It’s tempting to say that McLaren’s early form is waning, though there are still many races left in the season. Long-suffering Fernando Alonso suffered his first retirement of the season, with a gearbox failure on lap 54 after running in the points. His teammate Stoffel Vandoorne finished in 14th, having stymied Vettel’s chances, starting from 12th. Perhaps Ricciardo will send him a fruit basket for his efforts, or at least a nice note.

Sahara Force India F1 Team

Force India suffered from bad luck on one side of the garage, as a troublesome right rear wheel caused Sergio Perez’s lap 23 pit stop to run precious seconds long. Though emerging on the durable supersoft tyres, he was unable to make up positions and finished in 12th, down from his starting position of ninth. Teammate Esteban Ocon, though, despite some graining in the middle stint, had a relatively trouble-free drive to finish where he started, in sixth.

Williams is… continuing to be Williams. The storied organisation’s run of poor performance continued today, even before the race start. Sergey Sirotkin was given a 10-second stop/go penalty for not having his tyres fitted by the 3-minute warning, and was investigated again when it appeared that his crew worked on his car while he served the penalty. He was cleared of this, and went on to finish in 16th, down from 13th.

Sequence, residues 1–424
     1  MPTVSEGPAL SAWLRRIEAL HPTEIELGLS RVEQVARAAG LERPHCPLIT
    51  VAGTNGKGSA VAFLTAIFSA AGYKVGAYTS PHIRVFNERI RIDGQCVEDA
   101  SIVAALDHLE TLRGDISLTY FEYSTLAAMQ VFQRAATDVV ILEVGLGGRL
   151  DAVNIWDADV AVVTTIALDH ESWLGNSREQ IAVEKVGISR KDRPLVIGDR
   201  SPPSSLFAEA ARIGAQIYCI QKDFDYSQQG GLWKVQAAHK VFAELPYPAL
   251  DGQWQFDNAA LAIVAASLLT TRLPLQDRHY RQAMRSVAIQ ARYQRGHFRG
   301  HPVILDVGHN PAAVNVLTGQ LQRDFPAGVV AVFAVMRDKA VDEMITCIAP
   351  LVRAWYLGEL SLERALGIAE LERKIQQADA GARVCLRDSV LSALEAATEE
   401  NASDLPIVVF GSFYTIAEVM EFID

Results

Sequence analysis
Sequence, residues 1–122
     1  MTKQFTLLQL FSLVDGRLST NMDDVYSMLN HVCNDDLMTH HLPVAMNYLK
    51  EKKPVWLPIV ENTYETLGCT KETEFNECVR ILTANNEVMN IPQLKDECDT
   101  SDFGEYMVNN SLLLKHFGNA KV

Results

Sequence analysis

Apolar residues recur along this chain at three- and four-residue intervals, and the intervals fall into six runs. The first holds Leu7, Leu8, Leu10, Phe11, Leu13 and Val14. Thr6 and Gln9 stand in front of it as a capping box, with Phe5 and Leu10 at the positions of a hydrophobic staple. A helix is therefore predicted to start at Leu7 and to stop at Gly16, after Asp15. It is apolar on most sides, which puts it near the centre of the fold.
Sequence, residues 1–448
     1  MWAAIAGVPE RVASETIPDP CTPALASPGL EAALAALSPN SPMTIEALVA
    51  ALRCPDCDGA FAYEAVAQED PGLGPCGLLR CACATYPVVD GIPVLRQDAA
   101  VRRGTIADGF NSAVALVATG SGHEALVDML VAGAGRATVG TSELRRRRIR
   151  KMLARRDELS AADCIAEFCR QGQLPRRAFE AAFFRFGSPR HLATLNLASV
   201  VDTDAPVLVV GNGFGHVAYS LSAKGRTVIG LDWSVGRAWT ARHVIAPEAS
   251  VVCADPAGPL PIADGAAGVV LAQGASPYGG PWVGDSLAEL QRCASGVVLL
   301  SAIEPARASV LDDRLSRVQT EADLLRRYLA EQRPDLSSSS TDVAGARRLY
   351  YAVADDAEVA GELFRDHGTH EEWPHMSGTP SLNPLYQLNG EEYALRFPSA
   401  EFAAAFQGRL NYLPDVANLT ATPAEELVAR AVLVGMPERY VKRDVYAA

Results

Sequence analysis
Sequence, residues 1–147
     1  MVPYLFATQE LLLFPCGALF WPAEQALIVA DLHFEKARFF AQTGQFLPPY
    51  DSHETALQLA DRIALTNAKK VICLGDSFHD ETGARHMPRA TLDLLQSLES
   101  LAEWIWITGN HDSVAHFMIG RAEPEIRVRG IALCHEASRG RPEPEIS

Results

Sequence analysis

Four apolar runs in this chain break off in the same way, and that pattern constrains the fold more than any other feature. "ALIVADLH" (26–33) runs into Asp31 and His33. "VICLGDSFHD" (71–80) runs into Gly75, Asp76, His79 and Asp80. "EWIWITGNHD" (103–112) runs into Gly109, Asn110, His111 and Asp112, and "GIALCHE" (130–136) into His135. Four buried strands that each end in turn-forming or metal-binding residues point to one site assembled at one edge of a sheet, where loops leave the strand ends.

Lance Stroll had an eventful, though negative, outing. One could be excused for thinking that Stroll was attempting to fill in the punches on his Frequent Pit Stop card, pitting three times. Pitting on lap 9 for a new front wing and supersoft tyres, he emerged in 20th and would have remained there save for retirements up the field. Subsequent stops in laps 34 and 59 for fresh sets of hypersofts didn’t help him overmuch. The Canadian finished in 17th, where he started.

Glenn Dunbar/Williams F1

Haas too continued to struggle. After qualifying 18th and 19th, both of the drivers failed to make significant gains on-track, though they did finish ahead of both Williams’. Kevin Magnussen, this season’s points-generator for the American team, finished out of the points in 13th, while Romain Grosjean finished in 15th.

At the end of the day, Lewis Hamilton retains the lead in the Drivers Championship with 100 points, with Sebastian Vettel in second with 96. Daniel Ricciardo rounds out the top three, with 72 points. On the Constructors side, the teams so far mirror the driver standings. Mercedes leads Ferrari by 178 to 156, and Red Bull is comfortably in third with 107 points.

As we approach Canada, the Drivers and Constructors Championships are still wide open. It should be exciting to see how the teams cope with the demands of the Circuit Gilles-Villeneuve in Montréal under the new regulations. Stick with us on the weekend of 8–10 June for your Grand Prix du Canada coverage.

Featured image courtesy of Getty Images / Red Bull Content Pool

Share the passion

Leave a Reply

Your email address will not be published. Required fields are marked *